A care model that reduces fractures and reduces overall costs should be an easy sell — but osteoporosis experts face obstacles to introducing fracture liaison services in fee-for-service environments.
A cross-disciplinary outreach approach that ensures that patients over 50 who suffer a major fracture get evaluated for osteoporosis has been proven to reduce future fractures and reduce overall costs in single-payer countries and American HMOs.
And now a determined group of bone experts is set on spreading the fracture liaison service (FLS) model to more U.S. institutions and breaking down the barriers to its adoption in fee-for-service systems. The National Bone Health Alliance’s (NBHA) 20/20 vision program is aimed at reducing fractures by 20% by the year 2020.
Too often patients over 50 with major fractures are patched up and sent home with no consideration of the future, says endocrinologist Ethel Siris, MD, professor of medicine at Columbia University Medical Center in New York City: “Nobody thinks about preventing the next fracture because everybody is focusing on the patient getting better from the one that just happened. So a lot of these folks don’t get treated, and then they refracture.”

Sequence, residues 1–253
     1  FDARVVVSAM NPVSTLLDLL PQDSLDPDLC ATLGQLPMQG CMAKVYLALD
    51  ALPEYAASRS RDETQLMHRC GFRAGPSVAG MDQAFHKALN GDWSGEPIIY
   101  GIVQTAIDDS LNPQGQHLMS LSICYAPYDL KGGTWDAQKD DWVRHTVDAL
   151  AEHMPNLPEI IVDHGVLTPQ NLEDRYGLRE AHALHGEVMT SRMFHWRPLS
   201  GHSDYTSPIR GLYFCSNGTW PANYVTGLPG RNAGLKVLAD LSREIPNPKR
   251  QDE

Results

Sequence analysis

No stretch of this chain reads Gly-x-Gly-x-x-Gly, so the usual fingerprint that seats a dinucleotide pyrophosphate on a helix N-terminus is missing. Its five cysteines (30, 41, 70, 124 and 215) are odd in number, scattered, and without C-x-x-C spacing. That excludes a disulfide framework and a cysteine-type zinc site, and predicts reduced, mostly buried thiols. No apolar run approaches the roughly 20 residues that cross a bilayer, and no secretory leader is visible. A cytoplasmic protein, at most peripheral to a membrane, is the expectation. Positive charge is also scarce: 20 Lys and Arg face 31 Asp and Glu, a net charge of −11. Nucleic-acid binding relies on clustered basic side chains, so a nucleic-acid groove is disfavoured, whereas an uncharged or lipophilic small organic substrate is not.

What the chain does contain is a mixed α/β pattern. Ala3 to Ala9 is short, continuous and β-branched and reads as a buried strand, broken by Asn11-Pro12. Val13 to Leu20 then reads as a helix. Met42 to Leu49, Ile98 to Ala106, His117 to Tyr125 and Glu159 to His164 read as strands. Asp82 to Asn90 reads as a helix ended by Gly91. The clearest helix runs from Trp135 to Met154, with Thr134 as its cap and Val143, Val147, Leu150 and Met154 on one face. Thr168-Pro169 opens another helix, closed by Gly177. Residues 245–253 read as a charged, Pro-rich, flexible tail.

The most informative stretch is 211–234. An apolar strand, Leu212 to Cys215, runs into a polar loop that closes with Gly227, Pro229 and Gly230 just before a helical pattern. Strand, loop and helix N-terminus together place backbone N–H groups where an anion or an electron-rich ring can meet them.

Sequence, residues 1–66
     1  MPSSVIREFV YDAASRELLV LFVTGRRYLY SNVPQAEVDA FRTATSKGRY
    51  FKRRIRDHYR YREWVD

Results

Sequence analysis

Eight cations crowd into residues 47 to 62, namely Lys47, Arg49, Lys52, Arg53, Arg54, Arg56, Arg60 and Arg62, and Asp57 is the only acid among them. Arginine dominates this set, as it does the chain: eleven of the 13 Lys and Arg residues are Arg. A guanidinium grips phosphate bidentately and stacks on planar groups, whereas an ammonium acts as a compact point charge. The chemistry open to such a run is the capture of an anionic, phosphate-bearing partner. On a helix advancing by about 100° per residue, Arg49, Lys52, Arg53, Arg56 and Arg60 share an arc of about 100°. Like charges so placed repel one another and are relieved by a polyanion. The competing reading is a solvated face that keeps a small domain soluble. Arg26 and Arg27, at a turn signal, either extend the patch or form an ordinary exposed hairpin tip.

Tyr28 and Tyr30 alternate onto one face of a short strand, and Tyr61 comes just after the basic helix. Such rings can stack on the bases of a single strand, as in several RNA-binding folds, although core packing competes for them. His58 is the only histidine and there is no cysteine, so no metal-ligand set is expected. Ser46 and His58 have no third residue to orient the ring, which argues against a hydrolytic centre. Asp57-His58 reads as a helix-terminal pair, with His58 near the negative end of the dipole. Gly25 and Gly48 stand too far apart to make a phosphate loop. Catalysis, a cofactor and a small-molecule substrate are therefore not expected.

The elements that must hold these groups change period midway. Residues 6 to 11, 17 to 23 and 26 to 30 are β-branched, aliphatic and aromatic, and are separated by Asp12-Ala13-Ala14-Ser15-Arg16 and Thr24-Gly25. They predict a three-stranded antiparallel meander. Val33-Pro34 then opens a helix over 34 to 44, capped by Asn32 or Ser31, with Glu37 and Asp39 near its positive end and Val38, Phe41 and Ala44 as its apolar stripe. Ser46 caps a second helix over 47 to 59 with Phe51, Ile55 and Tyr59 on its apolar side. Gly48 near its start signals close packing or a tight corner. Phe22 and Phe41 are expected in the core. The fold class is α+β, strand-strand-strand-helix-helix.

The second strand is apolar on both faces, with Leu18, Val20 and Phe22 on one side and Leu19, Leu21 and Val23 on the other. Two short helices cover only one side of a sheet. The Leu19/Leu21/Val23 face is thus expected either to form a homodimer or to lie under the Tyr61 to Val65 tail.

One reason these patients slip through the cracks is that the treatment crosses specialties — the orthopedic surgeon is the “fracture fixer” and the endocrinologist is the “next-fracture preventer,” Siris says. Many approaches have been tried to bridge this gap, but the FLS is the only one with proven results.
Big Reductions in Fractures and Costs
The approach seems simple enough — have a healthcare navigator intervene with patients in the hospital, make sure they understand that their fracture could be a sign of an underlying problem, and arrange for them to be evaluated. The model has had dramatic success in “closed,” HMO-style systems in which the institution benefits directly by avoiding future costs by keeping the patient healthy. Geisinger Health System estimates that the approach saved it $7.8 million from 1996 to 2000.